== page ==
Topics

T1-Assessment-driven therapy:

In order to maximise recovery, therapy should be tailored to each patient individually. This can be done by adapting therapy exercises based on the initial level of impairment of the patient and on the performance reached during the different therapy sessions. Such therapy personalization ensures that patients stay motivated throughout the therapy. Robots can provide objective measurements to assess the impairment level of the patient and to monitor improvements throughout the therapy. These features empower continuous adaptation of the difficulty level of the exercises and of the therapy plan, according to the patient’s needs. Assessment-driven therapy is a promising method, which has the potential to truly optimize the current approach to rehabilitation. However, some challenges need to be addressed before this method can be implemented in the clinics, such as the choice of relevant assessments and parameters to ensure a meaningful and efficient adaptation.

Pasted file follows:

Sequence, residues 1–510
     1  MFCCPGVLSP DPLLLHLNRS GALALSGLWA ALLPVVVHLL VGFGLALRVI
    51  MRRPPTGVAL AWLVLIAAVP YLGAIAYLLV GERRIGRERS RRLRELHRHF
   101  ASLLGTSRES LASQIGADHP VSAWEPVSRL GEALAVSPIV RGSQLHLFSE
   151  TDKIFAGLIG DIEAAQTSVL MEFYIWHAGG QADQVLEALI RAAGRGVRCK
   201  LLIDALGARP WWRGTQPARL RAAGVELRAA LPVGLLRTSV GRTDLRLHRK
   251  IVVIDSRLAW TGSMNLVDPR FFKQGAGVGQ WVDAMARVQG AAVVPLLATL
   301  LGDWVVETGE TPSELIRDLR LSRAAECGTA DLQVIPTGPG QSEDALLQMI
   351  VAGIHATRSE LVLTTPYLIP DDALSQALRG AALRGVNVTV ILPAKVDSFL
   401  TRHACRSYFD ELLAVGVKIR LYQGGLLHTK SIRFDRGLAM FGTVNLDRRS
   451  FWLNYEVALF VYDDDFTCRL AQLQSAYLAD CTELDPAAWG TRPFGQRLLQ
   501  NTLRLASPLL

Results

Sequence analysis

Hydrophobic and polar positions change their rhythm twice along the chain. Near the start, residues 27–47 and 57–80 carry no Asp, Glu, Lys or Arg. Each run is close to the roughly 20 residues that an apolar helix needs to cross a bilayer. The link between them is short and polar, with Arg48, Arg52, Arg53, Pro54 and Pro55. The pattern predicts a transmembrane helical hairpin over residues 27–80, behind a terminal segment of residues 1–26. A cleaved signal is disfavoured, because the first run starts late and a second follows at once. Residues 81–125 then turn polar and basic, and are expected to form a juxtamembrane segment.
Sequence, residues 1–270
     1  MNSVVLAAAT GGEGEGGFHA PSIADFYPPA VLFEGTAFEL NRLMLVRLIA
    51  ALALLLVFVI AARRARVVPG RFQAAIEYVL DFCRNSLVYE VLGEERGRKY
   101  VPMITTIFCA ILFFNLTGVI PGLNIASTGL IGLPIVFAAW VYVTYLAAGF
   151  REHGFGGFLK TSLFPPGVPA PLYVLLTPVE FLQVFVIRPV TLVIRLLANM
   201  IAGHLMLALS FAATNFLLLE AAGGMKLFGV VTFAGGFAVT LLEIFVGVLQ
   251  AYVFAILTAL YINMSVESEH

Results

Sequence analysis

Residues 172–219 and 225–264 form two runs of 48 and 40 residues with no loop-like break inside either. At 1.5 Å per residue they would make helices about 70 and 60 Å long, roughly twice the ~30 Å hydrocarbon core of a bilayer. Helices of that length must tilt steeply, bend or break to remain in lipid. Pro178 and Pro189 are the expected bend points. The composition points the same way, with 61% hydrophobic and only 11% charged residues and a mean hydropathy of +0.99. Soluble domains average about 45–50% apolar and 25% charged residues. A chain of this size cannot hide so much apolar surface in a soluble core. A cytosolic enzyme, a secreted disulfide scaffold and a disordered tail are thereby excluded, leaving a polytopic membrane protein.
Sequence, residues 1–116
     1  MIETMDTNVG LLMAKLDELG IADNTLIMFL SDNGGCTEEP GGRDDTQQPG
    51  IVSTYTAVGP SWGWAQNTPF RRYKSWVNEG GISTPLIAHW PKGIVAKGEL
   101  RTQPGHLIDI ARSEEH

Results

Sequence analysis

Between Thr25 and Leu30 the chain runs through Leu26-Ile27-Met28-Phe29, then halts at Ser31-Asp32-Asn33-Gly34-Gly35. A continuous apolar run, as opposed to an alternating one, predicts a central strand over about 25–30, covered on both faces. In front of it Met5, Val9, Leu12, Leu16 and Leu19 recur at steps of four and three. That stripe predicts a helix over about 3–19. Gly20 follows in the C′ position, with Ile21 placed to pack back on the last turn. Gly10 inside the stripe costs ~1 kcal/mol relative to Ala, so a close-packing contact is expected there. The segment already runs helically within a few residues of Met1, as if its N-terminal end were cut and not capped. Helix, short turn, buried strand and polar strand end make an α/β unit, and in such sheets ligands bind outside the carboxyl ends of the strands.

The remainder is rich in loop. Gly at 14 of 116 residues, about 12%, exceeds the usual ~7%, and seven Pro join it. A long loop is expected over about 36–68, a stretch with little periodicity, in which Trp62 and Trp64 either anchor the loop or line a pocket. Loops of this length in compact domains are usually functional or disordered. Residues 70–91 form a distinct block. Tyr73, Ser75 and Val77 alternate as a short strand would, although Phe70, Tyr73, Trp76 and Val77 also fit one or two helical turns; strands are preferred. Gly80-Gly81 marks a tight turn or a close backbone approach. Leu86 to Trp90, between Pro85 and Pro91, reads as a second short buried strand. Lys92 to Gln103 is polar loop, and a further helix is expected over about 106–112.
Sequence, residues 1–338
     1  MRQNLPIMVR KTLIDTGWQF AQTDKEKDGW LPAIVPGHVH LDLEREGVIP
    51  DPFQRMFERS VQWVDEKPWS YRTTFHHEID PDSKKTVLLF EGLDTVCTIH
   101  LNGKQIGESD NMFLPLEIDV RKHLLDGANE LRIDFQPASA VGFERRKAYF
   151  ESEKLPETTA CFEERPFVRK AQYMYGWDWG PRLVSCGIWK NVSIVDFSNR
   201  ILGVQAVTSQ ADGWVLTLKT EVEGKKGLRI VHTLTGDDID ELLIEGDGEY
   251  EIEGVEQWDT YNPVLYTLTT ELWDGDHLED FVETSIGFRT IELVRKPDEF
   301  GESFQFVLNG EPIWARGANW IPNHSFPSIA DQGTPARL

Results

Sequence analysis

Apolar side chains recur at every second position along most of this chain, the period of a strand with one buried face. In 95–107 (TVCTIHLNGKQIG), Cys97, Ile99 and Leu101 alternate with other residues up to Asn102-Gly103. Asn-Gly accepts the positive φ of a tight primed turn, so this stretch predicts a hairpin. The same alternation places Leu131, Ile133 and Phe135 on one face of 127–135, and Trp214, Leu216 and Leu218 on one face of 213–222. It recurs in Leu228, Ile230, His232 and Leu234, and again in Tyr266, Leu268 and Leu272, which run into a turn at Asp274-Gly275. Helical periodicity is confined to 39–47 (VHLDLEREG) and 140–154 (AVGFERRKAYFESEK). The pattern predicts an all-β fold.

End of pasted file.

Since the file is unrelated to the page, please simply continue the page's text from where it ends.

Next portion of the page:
T2-Minimally-supervised robot-assisted therapy in the clinic.
Therapy dose seems to be a limiting factor for patients’ recovery. Some studies suggested that increasing the dose may lead to better recovery. However, due to limited resources, clinics cannot easily implement more intensive therapy plans. Minimally-supervised robot-assisted therapy might be an alternative solution to increase therapy dose without increasing the burden of work for the therapists, since the patients could train with the robots without constant supervision. However, to minimize therapists’ intervention, these devices need to meet several requirements, such as high usability and ability to adapt the therapy plan to the patients. Clinicians and engineers should discuss which functions can be better trained and which type of device should be used during minimally-supervised therapy. Importantly, therapists’ experience should be considered when implementing decision-making algorithms into the robots. Tight collaboration is needed in order to efficiently integrate minimally-supervised robotic therapy into the clinical environment.


T3-Minimally-supervised robot-assisted therapy at home:
Robots suitable for home-use need to be developed to strengthen the continuum of therapy after discharge from clinics. Tight collaborations between engineers and clinicians allow the development of appropriate devices maximising compliance and therapy effectiveness, at the same time taking into account portability and low cost.